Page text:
Today, companies like Blue Origin and Virgin Galactic have successfully launched paying customers into space, forging the future of the space tourism industry. While a growing space tourism industry promotes scientific advancement and opens an activity once reserved for trained astronauts to the public, the industry generates new issues and reveals the vulnerabilities of international space law. This Note explores the history of commercial spaceflight and the international agreements that comprise the current legal regime. It argues that space tourism presents a need for a new international agreement to address three vulnerabilities in the current international regime: environmental protections, protections for space tourists, and regulations for commercial spaceflight companies. This Note draws on the examples of the Antarctic Treaty System, the Treaty for Amazonian Cooperation, and the United Nations Convention on the Law of the Sea to show how this new international agreement can successfully balance promoting the growth of commercial spaceflight while ensuring the environment and passengers are adequately protected.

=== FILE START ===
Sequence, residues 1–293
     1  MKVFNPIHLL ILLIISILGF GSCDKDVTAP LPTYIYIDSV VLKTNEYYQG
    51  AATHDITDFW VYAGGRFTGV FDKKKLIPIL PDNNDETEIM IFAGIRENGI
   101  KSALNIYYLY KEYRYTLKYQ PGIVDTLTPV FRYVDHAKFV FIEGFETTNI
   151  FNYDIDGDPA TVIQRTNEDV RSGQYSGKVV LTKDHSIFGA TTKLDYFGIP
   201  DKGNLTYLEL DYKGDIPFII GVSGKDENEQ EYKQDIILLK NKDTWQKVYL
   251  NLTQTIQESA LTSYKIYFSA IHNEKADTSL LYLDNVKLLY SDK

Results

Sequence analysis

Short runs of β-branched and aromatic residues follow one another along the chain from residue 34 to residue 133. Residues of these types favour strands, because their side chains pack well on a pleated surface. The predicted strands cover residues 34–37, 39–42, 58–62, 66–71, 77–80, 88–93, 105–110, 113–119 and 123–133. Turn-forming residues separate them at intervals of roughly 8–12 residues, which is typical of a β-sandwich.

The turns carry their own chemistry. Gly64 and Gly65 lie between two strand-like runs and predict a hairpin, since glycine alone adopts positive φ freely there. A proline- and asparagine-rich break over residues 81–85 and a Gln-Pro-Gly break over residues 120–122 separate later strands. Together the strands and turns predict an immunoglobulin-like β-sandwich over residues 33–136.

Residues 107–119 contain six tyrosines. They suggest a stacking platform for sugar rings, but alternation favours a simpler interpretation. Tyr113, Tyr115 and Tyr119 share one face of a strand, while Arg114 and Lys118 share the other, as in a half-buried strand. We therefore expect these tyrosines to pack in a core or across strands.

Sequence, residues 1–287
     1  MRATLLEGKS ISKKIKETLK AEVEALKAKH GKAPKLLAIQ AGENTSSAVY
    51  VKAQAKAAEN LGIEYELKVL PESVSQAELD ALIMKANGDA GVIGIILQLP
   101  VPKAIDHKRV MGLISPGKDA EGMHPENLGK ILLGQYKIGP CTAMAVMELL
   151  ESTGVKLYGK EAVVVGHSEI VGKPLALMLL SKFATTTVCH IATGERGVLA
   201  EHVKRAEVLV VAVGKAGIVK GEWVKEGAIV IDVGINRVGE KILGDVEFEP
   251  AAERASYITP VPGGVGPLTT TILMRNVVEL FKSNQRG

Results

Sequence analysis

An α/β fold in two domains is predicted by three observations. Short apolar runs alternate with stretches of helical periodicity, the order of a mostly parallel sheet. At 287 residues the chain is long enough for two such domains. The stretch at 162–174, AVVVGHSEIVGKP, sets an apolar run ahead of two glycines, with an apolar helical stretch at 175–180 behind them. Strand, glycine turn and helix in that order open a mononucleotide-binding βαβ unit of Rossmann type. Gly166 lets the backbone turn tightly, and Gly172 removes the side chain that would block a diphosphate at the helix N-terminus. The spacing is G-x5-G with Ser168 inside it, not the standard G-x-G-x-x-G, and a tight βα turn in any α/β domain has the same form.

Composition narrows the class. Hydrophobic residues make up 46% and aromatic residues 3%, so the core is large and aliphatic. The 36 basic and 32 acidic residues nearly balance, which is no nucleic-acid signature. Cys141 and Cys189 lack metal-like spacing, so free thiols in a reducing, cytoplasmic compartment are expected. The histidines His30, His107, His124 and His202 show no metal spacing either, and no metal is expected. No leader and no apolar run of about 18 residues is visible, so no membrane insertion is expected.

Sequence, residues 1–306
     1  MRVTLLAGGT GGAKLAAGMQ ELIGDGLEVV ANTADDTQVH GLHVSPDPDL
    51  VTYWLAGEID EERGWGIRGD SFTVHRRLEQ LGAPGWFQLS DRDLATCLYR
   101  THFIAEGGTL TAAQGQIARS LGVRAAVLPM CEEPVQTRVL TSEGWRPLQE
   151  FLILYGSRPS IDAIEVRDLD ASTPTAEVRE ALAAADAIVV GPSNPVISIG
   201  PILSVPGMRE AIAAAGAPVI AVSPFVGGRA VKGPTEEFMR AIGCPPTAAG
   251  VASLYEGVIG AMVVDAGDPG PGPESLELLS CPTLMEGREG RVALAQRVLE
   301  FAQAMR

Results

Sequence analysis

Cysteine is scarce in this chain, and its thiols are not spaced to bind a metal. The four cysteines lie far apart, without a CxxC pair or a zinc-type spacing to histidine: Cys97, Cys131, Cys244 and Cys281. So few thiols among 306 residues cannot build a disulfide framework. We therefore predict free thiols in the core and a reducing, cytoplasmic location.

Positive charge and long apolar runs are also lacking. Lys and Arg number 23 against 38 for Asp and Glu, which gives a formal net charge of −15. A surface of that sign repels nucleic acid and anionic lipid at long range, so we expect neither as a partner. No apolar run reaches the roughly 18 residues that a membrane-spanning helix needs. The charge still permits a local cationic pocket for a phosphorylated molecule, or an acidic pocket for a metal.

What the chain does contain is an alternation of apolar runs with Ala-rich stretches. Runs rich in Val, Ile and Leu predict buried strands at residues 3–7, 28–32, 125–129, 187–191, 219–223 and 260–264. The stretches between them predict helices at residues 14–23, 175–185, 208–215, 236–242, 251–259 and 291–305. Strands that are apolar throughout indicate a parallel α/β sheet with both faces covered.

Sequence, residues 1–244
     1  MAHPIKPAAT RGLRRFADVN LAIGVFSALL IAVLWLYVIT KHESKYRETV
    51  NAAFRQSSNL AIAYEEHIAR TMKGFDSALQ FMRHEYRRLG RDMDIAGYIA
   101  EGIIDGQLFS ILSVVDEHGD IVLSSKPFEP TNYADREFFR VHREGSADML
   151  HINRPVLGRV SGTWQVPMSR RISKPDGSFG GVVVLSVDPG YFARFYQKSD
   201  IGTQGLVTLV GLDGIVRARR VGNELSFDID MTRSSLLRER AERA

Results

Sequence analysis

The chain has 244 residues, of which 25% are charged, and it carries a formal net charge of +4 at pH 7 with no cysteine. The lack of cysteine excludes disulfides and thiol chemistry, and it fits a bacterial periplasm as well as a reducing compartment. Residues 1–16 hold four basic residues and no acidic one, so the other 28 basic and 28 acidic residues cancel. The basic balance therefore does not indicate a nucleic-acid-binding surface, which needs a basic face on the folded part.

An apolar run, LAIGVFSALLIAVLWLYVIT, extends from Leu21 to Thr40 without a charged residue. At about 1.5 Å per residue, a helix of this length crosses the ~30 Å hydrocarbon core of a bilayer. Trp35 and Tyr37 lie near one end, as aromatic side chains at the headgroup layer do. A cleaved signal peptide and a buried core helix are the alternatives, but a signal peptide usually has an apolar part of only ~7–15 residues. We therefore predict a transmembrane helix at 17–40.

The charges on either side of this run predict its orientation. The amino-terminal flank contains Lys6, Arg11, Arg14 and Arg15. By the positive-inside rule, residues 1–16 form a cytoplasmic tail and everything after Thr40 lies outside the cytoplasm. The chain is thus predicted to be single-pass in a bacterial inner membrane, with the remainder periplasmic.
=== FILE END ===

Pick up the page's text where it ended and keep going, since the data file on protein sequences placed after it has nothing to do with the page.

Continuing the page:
Molly M. McCue,
A Regulatory Scheme for the Dawn of Space Tourism,
55 Vanderbilt Law Review
Available at: https://scholarship.law.vanderbilt.edu/vjtl/vol55/iss4/6
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